Painted Realities by Olarn Chiaravanont, Bernat Daviu, Super Future Kid and Mark Nader explore appropriation, authorship and identityThe London List

Posted in Art, London, London List
By Tim Baggott on 11 Feb 2014

Painted Realities is the Hanmi Gallery’s 31st interim exhibition, displaying the work of four international artists that explore appropriation, authorship and identity through the materiality of paint.

We caught up with Mark Nader, exhibiting artist and curator of the exhibition, to find out more about the work and the back story of the show.

Why was it important that the chosen artists worked with paint?

The all painting show aims to bring back the focus of paint away from a reliance of footnoted theory. The materiality of paint is given centre stage to explore how these artists approach a process of image making using appropriation, authorship and identity.

Bringing together abstract and figurative painters in a space that is not your conventual white cube we are forced to consider the surface and texture of paint itself. Each piece has a place within the gallery space and every painting converses with each other, because of the common theme and interest in paint, surface, texture and colour is given centre stage.

How did you go about curating the exhibition?

As both an exhibiting artist and the curator I feel it was important to start with something I feel very strongly about. My concerns recently have started to focus on the importance of materiality. I feel painters tend to get sidelined and held down by curators riding too much concern on a thematic show, in some sort of fearful reaction to force relevance to painting.

For me bringing together figurative and abstract works with four artists, that ultimately have their own concerns and approach to composing a piece, starts to state the obvious allure of the paint itself. Also the gallery itself is hard to ignore. To place artists that share a common theme is ill conceived as ultimately you have to contend with the galleries hessian, peeling wall paper and cracked plaster.

So, materiality becomes the show’s intention in all aspects from the work to the space, And I hope it becomes immersive because of this.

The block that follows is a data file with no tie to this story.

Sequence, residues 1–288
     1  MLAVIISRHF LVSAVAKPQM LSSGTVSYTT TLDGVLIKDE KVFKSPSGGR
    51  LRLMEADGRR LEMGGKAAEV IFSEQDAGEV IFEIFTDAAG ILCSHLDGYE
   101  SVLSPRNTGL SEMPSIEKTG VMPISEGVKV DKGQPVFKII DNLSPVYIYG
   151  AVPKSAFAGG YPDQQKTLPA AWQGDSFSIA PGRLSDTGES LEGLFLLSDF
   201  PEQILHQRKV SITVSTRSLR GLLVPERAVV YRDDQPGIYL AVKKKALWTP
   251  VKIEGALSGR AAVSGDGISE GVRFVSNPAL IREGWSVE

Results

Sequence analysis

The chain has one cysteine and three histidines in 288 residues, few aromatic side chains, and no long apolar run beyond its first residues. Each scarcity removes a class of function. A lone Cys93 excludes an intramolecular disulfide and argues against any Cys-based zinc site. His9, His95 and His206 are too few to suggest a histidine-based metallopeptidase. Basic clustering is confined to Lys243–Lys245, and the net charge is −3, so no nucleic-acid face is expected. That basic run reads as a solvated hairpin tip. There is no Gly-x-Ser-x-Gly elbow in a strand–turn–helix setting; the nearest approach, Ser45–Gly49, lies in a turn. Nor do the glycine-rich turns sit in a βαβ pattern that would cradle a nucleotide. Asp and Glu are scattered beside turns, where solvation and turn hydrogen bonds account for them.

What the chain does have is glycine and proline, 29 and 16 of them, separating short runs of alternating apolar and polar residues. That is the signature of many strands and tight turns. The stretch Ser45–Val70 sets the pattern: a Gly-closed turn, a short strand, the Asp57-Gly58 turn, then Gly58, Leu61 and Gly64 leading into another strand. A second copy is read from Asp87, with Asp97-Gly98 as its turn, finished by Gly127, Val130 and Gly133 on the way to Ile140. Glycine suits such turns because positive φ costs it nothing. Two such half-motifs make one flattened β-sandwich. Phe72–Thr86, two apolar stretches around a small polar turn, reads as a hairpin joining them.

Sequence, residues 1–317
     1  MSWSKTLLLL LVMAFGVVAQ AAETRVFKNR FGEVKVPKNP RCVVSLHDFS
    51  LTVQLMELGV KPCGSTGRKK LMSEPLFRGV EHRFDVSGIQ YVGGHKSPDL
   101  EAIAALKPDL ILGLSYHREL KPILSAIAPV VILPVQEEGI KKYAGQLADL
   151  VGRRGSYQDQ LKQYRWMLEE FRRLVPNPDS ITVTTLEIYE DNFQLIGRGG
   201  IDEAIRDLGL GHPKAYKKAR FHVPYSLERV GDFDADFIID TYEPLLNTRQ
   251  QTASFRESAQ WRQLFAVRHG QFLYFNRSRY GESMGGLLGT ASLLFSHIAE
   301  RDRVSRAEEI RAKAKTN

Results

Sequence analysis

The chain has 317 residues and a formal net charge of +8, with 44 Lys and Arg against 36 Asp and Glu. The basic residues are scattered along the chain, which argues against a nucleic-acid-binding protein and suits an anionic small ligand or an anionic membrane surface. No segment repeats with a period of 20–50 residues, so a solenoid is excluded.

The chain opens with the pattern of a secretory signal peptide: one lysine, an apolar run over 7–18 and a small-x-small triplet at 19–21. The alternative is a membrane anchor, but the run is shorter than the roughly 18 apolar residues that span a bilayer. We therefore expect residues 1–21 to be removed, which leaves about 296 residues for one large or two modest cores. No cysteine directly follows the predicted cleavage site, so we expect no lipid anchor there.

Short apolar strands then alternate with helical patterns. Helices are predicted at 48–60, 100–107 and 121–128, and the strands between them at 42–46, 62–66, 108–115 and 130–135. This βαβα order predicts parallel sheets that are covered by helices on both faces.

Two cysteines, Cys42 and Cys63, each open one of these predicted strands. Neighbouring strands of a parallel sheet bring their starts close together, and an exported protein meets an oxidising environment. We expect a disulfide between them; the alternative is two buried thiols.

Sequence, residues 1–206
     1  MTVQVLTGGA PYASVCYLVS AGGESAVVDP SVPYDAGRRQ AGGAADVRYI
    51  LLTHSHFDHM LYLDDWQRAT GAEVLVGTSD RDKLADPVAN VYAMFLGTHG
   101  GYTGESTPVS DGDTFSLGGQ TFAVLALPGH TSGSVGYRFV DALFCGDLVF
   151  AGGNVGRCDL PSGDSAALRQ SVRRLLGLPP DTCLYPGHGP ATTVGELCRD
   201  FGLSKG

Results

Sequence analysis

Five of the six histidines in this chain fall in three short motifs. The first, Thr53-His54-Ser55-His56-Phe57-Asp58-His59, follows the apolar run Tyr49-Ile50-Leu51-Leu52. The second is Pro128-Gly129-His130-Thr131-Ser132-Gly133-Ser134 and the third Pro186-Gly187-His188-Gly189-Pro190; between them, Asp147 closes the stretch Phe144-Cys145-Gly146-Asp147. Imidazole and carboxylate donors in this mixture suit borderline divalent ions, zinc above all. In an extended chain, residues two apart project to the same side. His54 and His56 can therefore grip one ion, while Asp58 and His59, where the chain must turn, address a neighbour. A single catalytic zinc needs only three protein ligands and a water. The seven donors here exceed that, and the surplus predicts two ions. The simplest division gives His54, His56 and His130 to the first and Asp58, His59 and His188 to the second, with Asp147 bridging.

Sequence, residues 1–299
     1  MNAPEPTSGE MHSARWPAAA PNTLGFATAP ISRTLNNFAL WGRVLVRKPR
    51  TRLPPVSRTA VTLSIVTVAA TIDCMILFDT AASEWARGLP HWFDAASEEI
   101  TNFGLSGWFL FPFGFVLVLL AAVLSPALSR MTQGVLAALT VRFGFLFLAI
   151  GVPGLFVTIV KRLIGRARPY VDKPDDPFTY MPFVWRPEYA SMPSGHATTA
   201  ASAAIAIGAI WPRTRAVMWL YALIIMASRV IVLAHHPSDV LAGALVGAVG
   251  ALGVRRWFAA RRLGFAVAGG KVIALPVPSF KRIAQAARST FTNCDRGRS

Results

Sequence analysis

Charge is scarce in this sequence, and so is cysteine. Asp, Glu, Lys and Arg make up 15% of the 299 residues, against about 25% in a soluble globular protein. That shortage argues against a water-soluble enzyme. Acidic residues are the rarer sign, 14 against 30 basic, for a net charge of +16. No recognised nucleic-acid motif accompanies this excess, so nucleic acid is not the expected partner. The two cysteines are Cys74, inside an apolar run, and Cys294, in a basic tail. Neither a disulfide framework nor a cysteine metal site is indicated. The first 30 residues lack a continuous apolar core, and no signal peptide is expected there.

Can you tell us a bit about your own work?

My work has always confronted the figurative representation of the clinical, desolate, one-dimensional virtual worlds of computer games and Massively Multiplayer Online games (MMOG) such as Second Life and Minecraft, with their rudimentary proportions and limited colour palettes, as well as looking at how we portray ourselves, via what we upload, ‘like’ and ‘pin’ online, on social media sites such as Facebook, Pinterest and Tumblr.

My family background is of vital significance – my own heritage is of half Mexican and half British origin, a meeting of two very different cultures. Within the structure of the paintings, I can form a narrative of sorts between these two cultures. My collaging technique, using digital images from all over the internet indicates an over-consumption of media, leading to a (mis)understanding of both cultures. I see the resulting paintings as a melting pot of the endless stream of online images with which we are bombarded every day, with strange creatures being born of my naive understanding of Aztec and Nahua deities, and mismatched cross-cultural objects.

Painted Realities runs at the Hanmi Gallery until February 16th
30 Maple Street London W1T 6HA

Mark Nader lives and works in London. Exhibiting internationally, including a solo show at J-space, 798 art district, Beijing, 2013. And group shows in London, including the Hot One Hundred, Schwartz gallery in Hackney Wick, 2013.

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